I believe the reason most people go on an Alaskan cruise is because they would like to see glaciers. We were already booked on an Alaskan cruise, but when my wife told me of an opportunity to see a glacier up close, I jumped on it. Unfortunately, I was initially wait listed, but I was later notified that I could participate.
Early the morning of the departure, the captain’s voice was broadcast over the public address system. He remarked that our destination that day, Tracy Arm, had too much ice and was unsafe for passage into the arm. Fortunately, they had a backup plan, the adjacent Endigo Arm, would be our destination.
We debarked the Disney Wonder at noon on Wednesday. What was billed as a catamaran, turned out to be a medium sized pleasure boat run by Allen Marine. Despite the size and the fact that most of the seating was inside, there was enough space to move to the outside deck for photo shoots.
Loading our boat was quickly done and approximately one hundred people boarded. Our mini cruise was led by an enthusiastic Juneau native, “Mo”. Growing up in the area, he had extensive knowledge about the climate, fish and local animals. While we were familiar with “icebergs”, most of us were also introduced to “bergy bits” (small icebergs) and “growlers” (floating ice).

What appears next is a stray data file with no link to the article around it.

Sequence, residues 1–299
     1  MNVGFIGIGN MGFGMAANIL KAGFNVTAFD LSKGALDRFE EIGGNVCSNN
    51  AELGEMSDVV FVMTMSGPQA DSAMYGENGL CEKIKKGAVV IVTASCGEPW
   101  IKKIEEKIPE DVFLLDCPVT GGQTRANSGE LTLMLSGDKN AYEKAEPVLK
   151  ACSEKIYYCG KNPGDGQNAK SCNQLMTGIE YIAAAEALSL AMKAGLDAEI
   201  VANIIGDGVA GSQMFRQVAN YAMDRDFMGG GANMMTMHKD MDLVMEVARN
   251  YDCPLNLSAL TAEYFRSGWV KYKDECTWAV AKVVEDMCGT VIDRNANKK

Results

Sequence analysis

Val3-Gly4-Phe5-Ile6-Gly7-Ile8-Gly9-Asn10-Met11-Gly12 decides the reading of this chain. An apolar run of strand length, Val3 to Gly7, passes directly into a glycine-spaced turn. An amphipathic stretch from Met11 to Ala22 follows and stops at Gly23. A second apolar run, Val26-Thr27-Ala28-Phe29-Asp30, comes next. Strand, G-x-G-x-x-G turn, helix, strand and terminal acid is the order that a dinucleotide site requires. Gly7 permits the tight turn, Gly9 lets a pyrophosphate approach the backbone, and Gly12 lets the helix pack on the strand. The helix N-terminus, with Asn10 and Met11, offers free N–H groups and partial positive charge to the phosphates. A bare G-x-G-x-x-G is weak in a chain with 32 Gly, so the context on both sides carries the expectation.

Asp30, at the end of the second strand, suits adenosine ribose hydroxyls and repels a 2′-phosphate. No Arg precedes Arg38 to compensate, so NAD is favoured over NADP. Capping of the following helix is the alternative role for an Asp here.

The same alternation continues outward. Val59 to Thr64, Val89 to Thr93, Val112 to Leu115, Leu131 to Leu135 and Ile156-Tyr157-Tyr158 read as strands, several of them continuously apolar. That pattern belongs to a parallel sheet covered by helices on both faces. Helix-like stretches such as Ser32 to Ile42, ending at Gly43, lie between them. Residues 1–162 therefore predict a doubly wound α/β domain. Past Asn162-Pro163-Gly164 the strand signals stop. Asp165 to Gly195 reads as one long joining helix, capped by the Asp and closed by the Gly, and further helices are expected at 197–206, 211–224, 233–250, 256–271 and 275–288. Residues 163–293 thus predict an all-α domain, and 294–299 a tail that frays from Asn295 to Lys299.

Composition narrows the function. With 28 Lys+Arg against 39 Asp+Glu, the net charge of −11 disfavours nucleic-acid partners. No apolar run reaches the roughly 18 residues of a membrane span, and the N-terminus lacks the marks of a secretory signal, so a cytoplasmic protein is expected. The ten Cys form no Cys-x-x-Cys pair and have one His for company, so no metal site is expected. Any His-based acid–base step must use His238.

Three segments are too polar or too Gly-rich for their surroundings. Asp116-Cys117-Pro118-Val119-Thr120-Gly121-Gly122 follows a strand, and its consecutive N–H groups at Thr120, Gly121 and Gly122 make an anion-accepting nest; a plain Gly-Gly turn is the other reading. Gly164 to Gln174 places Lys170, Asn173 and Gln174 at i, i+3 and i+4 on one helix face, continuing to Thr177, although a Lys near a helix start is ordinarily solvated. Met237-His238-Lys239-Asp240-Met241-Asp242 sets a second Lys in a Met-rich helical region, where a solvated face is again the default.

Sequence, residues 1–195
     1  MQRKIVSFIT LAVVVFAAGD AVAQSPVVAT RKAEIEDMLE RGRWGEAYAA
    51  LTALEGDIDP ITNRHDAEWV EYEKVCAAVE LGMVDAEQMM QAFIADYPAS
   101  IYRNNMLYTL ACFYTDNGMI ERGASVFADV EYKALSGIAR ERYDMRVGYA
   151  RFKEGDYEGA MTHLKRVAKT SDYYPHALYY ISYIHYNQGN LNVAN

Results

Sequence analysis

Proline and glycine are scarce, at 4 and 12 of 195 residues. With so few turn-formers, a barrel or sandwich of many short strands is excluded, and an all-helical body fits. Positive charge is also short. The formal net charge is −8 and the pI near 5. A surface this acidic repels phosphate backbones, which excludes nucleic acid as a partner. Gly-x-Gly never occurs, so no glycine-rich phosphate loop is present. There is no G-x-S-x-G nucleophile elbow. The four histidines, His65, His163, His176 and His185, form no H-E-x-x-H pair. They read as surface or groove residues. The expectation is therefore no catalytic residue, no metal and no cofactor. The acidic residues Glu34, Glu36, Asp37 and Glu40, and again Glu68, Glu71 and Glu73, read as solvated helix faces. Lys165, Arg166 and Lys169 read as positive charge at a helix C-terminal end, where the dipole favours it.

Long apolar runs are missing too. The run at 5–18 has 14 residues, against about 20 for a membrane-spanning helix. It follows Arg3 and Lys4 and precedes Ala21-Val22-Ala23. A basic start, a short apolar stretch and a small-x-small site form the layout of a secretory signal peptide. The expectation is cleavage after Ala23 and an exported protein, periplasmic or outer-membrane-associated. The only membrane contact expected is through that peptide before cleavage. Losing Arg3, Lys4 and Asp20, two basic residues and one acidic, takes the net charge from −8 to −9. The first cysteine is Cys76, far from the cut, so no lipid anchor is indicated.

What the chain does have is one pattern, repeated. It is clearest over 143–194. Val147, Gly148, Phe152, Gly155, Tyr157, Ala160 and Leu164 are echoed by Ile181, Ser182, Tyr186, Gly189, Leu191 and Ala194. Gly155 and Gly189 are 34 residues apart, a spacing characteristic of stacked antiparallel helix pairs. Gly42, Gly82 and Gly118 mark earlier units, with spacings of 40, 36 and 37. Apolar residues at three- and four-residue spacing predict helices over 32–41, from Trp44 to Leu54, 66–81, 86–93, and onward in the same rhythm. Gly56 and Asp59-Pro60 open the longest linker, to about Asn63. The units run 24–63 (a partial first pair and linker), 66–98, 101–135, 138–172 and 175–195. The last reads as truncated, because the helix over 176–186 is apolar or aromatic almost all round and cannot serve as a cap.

Mo was intent on finding interesting things for us to see. He let us know about a waterfall coming up, but he eventually found two black bear fighting with each other. Through my camera lens, I could see them actually standing and fighting almost as if they were boxing.
Our captain piloted us down one area and eventually wound up the arm that where we could see the jewel of the trip, Dawe’s Glacier. It was slow moving as the captain of our boat was ensuring that he would not strike into the numerous floating ice in the area.
We eventually wound up at the crown jewel of our destination, Dawe’s Glacier. It was a commanding wall of ice that was mixed with blue and white hues. We learned that their blue color is obtained from the freezing process that eliminates air that was originally caught by falling snow. When light strikes the iceberg, it is absorbed rather than reflected and the ice returns a blue-green color.
An expedition cruise ship was already deep in the arm and was lowering Zodiak boats so that their passengers can get an “up close and personal view”. I think some of us were somewhat jealous that we couldn’t have that experience, but nevertheless we were appreciative that our boat was much closer than the Disney Wonder.
The captain of our boat made several quarter turns of his vessel. This allowed everyone on the boat to obtain a take a good picture of the glacier. We took off and because the Wonder was at the entrance to the arm, we were soon upon it. I think we were all grateful that we were able to check this off of our bucket list in grand style.